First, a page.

Turkey will come out of this stronger - ALI SAYDAM

Turkey will come out of this stronger

How free and independent do you think Western media are? They are absolutely free and independent, according to our "foreign Turkish intellectuals." However, an article in the Financial Times, that came a day before the EU expressed Turkey's visa report, explicitly displays otherwise.

The newspaper reports that Turkey's visa exemption is in danger if it does not change its laws on "the fight on terror and organized crimes," and conform to EU standards.

The article on the newspaper's website was titled "Human rights blow to Turkey's visa-free travel hopes."

Brussels correspondents Peter Spiegel and Alex Barker saw the 10-page draft of the Turkey report put together by the European Commission.

According to the article, Turkey had not yet fulfilled the most important requirement. And this "most important requirement" was to "change the laws on the fight on terror and organized crimes" in order to protect basic human rights.

Apparently Turkey is going to be asked to reform its laws on "counterterrorism" according to European Commission principles. So I guess we too are going to build tents for terrorists, catch them and then release them.

The same article mentions that Ankara will be called on to form an independent commission that will inspect possible human rights violations in security units.

While Financial Times wrote all this, the EU Commissions advisory jurisdiction on lifting visa requirements by the end of June was declared. While reading this article I was thinking about the "buts" in the report and I found them. The report says that we have fulfilled 67 of the 72 requirements, and adds that the remaining requirements should be fulfilled too.

Apparently the advisory jurisdiction being made by the EU Commission's First Vice President Frans Timmermans and European Commissioner for Migration, Home Affairs and Citizenship Dimitris Avramopoulos, means the commission strongly supports the advisory jurisdiction.

Let's wait and see how Western media will try and hamper Turkey's next moves.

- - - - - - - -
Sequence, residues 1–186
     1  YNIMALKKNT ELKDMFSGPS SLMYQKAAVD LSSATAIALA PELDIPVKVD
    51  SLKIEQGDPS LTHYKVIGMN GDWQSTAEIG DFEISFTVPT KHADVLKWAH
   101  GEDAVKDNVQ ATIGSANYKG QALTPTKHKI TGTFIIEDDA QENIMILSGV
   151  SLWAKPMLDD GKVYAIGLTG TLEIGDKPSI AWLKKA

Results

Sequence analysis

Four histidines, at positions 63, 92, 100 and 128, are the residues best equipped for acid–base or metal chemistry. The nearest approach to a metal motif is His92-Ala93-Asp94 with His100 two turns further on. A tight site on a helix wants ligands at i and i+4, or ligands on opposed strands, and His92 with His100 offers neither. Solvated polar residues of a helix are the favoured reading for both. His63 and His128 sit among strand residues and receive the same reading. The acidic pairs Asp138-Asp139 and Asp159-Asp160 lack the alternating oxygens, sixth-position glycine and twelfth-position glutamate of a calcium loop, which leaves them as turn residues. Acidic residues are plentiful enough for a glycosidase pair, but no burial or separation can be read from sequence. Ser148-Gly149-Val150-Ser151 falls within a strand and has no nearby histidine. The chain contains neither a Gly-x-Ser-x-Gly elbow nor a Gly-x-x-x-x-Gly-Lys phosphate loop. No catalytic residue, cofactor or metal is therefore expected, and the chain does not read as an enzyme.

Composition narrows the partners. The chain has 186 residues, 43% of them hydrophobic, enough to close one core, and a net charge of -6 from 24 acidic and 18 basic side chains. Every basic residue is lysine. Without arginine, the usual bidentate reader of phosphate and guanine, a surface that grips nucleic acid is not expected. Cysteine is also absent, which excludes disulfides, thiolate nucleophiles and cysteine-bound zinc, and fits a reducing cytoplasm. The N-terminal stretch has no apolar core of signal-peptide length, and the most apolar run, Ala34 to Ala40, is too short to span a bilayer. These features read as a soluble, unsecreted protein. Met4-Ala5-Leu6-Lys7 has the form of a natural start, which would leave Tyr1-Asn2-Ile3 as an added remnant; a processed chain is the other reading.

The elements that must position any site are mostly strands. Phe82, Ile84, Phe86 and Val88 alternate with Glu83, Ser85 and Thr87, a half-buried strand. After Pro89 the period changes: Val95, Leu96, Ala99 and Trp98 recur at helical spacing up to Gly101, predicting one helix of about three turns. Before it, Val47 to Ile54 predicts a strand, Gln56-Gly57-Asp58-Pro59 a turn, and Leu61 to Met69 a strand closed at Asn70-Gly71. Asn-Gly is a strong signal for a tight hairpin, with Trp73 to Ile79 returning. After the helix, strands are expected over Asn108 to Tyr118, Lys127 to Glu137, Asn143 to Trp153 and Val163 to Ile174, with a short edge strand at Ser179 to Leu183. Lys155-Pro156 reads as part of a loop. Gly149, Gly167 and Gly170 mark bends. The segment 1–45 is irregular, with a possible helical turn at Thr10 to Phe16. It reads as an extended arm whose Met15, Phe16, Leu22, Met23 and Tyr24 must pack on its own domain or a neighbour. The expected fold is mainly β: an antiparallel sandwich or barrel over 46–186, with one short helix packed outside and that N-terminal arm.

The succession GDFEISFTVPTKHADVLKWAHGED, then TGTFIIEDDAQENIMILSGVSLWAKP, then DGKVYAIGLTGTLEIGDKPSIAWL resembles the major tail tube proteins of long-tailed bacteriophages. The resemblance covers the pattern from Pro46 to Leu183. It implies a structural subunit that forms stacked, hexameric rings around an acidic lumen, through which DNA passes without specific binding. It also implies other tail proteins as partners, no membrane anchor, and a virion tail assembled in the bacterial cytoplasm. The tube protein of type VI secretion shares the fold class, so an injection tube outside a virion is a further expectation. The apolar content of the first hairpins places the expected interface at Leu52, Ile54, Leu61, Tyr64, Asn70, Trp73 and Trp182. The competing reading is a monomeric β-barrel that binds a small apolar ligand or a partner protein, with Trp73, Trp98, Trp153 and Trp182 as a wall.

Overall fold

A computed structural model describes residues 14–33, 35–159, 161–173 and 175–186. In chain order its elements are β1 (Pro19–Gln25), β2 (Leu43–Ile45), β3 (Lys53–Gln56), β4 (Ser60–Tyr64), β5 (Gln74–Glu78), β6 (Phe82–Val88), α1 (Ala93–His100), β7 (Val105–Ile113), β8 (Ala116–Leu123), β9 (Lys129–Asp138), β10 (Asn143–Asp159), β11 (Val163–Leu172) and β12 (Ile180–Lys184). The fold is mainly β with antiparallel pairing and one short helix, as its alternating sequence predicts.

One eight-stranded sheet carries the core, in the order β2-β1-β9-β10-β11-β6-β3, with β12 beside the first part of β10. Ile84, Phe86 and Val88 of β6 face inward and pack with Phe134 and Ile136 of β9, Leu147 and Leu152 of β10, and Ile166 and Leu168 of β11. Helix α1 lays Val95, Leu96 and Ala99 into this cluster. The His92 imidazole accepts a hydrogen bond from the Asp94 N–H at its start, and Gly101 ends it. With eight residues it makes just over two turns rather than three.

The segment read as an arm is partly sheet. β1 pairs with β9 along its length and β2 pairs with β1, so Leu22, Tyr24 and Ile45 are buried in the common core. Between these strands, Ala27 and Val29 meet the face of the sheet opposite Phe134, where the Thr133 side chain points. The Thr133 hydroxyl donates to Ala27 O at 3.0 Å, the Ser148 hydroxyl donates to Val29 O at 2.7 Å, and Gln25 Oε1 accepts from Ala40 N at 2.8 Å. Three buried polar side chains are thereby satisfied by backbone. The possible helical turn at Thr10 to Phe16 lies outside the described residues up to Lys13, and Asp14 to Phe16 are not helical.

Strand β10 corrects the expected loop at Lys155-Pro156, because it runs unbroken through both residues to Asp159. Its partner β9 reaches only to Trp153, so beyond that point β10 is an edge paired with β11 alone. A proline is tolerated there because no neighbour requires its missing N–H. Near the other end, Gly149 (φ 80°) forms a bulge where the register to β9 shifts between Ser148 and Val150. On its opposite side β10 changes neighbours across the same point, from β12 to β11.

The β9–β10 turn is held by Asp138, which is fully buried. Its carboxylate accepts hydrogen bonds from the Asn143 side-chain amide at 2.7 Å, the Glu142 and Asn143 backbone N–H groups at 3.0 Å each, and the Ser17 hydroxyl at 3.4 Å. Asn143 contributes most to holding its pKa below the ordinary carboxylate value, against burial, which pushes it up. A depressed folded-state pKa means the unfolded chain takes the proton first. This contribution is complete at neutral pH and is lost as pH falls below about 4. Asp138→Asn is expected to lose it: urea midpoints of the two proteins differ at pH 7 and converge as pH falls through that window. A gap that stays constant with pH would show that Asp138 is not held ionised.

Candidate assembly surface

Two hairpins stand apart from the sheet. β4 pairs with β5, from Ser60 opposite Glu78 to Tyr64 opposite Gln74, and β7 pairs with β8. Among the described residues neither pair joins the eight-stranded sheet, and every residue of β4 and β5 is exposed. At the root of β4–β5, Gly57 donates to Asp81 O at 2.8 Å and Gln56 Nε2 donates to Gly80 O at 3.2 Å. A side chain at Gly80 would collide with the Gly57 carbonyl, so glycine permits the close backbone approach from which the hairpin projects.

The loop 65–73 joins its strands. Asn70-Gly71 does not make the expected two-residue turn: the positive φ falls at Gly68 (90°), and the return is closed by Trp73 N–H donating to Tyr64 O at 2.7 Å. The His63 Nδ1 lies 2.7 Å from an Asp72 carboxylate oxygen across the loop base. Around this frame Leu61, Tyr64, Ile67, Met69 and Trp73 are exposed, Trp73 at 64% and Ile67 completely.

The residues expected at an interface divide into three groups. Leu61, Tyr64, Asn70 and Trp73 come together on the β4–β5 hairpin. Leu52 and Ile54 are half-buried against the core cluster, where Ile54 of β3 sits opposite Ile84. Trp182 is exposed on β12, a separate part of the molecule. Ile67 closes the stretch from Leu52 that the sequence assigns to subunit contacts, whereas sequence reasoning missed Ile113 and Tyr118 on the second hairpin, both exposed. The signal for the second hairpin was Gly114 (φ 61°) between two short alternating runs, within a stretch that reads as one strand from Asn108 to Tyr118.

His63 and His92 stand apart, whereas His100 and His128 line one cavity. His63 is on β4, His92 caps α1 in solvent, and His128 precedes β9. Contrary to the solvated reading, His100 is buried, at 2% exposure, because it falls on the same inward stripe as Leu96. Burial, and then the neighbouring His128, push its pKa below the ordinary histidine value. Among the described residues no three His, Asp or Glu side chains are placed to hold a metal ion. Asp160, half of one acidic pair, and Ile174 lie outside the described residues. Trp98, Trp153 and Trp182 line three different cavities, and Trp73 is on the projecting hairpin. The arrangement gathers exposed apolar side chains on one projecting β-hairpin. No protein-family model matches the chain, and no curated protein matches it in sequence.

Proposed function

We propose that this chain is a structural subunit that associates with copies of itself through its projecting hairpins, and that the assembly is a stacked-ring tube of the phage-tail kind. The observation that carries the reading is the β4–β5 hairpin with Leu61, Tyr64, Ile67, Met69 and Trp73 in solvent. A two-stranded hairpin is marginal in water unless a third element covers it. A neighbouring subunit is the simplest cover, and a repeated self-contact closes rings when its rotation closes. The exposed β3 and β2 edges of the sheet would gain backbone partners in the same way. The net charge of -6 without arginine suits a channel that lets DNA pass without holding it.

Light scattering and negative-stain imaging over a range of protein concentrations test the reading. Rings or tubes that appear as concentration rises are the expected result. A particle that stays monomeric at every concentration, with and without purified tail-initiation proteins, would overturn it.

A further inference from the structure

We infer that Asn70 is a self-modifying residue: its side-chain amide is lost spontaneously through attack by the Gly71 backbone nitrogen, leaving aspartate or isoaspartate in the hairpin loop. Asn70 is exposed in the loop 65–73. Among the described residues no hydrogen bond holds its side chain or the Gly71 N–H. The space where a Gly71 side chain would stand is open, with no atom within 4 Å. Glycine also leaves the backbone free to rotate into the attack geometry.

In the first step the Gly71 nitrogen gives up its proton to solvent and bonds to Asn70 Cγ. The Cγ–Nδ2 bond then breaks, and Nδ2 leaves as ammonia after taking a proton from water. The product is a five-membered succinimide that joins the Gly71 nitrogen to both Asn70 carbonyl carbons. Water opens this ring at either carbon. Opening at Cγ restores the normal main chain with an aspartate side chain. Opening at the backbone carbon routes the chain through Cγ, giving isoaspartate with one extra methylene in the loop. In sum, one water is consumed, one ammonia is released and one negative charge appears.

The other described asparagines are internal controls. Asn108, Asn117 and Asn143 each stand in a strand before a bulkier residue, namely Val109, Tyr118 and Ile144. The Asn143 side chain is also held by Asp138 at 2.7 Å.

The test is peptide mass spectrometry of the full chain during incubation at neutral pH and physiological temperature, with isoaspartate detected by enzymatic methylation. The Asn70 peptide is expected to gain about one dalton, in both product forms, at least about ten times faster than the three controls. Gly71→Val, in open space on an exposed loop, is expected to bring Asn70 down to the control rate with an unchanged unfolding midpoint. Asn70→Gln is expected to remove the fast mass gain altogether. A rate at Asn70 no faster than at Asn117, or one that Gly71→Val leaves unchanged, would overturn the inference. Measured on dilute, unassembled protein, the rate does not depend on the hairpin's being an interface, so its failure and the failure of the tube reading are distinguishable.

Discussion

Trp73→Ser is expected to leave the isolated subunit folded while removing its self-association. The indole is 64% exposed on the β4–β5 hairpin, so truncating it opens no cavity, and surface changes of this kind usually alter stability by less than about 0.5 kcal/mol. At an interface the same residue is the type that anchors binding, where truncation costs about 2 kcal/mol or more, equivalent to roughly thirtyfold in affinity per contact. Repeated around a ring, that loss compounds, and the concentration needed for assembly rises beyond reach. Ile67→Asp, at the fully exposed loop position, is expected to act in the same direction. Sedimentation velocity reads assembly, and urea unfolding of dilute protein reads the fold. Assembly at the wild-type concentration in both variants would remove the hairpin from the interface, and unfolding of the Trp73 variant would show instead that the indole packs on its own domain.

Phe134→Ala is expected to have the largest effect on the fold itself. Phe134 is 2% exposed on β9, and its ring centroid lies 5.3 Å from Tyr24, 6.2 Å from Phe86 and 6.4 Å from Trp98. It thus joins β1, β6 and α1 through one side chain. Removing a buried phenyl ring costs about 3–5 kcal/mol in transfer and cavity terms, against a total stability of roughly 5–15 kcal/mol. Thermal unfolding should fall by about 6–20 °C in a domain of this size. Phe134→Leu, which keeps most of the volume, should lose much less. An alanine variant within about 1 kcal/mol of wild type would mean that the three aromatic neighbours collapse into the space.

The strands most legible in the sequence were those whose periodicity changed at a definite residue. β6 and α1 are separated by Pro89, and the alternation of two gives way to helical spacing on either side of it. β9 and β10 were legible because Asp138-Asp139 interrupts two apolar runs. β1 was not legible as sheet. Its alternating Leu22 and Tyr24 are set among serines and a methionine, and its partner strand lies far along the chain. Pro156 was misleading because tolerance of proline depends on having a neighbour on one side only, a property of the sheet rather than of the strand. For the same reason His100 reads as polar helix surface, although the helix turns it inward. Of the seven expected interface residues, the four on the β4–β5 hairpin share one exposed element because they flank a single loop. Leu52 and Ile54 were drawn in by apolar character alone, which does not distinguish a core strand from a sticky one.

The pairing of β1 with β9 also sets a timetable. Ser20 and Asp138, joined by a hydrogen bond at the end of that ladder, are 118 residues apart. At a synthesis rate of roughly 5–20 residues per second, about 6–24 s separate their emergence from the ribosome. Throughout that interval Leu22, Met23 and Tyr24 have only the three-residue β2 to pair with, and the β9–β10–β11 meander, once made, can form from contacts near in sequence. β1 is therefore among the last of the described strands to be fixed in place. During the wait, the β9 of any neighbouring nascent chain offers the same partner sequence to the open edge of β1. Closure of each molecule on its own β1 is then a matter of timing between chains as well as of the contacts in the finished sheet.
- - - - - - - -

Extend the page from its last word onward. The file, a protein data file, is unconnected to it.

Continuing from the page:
Turkey has never before been so marginalized and bombarded by Western media.

Daesh, the Kurdistan Workers' Party (PKK), People's Democratic Union (PYD), Revolutionary People's Liberation Party-Front (DHKP-C), the parallel state structure, the Gülenists, EU media and a Peoples' Democratic Party (HDP) Co-Chair Selahattin Demirtaş, who talks about "founding a second parliament" (whatever do you think it means)?

Turkey has never before been attacked from so many different fronts at the same time...

The interesting thing is that, Turkey has always managed to come out stronger from organized salvos...

Reputation is like a bird on a wire

A company as big as Johnson & Johnson might not be affected by $55 million, but, that is not the way it really is. Reputation is like a delicate bird on a wire. Once it flies away, it is not easy to catch it and bring it back.

A US court fined Johnson & Johnson for $55 million compensation for producing cancer-causing talcum powder. The company is expected to appeal against the case of Gloria Ristesund, a woman with ovarian cancer. (The company was sued and had to pay $72 million in compensation in another talcum powder case in February.)

Although the company's spokeswoman Carol Goodrich claimed that the court's decision contradicted the (ongoing) 30-year research on the powder, the negative effects of the news report are already visible. They lost value on the stock market. The intangible effects will be seen in the long-term.

Another company recently under fire is Apple. The US technology giant, which recently lost value on the market, has been on the agenda after Carl Icahn, a billionaire Wall Street investor, sold his shares due to the economic slowdown in China.

Apple CEO Tim Cook, who is said to dislike appearing on television, was a guest on CNBC's "Mad Money." He said that the latest developments were "extreme reactions," and added that Apple had a "quarter above standards."

The company is especially criticized for not being able to successfully bring new innovations to the sector. Tim Cook, who seems determined to fix Apple's reputation, added that they are working on gadgets that will change the sector, but they are not ready to expose these innovations yet.

I always say (when appropriate): Reputation is the perception you have accumulated that enables you to receive understanding and support even when your business is not going too well.


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